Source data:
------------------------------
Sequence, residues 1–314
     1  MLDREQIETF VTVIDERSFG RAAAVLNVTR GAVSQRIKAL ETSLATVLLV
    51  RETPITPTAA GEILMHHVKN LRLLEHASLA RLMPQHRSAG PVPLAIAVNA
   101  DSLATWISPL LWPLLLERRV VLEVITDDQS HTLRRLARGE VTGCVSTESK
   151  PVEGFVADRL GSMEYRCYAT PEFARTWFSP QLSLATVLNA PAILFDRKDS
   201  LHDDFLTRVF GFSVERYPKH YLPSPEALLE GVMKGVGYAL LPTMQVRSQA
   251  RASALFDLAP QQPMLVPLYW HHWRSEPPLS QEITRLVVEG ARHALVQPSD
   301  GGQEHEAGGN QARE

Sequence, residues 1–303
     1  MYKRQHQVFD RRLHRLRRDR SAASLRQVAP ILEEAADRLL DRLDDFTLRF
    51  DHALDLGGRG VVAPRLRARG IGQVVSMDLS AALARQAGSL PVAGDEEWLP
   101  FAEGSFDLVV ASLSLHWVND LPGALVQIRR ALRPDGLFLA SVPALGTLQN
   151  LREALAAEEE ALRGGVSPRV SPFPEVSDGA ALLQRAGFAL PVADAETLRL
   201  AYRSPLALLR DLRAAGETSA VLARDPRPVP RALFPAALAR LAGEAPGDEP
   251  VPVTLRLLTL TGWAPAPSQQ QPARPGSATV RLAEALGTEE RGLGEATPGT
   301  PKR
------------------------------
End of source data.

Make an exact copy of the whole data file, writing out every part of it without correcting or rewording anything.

Sequence, residues 1–314
     1  MLDREQIETF VTVIDERSFG RAAAVLNVTR GAVSQRIKAL ETSLATVLLV
    51  RETPITPTAA GEILMHHVKN LRLLEHASLA RLMPQHRSAG PVPLAIAVNA
   101  DSLATWISPL LWPLLLERRV VLEVITDDQS HTLRRLARGE VTGCVSTESK
   151  PVEGFVADRL GSMEYRCYAT PEFARTWFSP QLSLATVLNA PAILFDRKDS
   201  LHDDFLTRVF GFSVERYPKH YLPSPEALLE GVMKGVGYAL LPTMQVRSQA
   251  RASALFDLAP QQPMLVPLYW HHWRSEPPLS QEITRLVVEG ARHALVQPSD
   301  GGQEHEAGGN QARE

Sequence, residues 1–303
     1  MYKRQHQVFD RRLHRLRRDR SAASLRQVAP ILEEAADRLL DRLDDFTLRF
    51  DHALDLGGRG VVAPRLRARG IGQVVSMDLS AALARQAGSL PVAGDEEWLP
   101  FAEGSFDLVV ASLSLHWVND LPGALVQIRR ALRPDGLFLA SVPALGTLQN
   151  LREALAAEEE ALRGGVSPRV SPFPEVSDGA ALLQRAGFAL PVADAETLRL
   201  AYRSPLALLR DLRAAGETSA VLARDPRPVP RALFPAALAR LAGEAPGDEP
   251  VPVTLRLLTL TGWAPAPSQQ QPARPGSATV RLAEALGTEE RGLGEATPGT
   301  PKR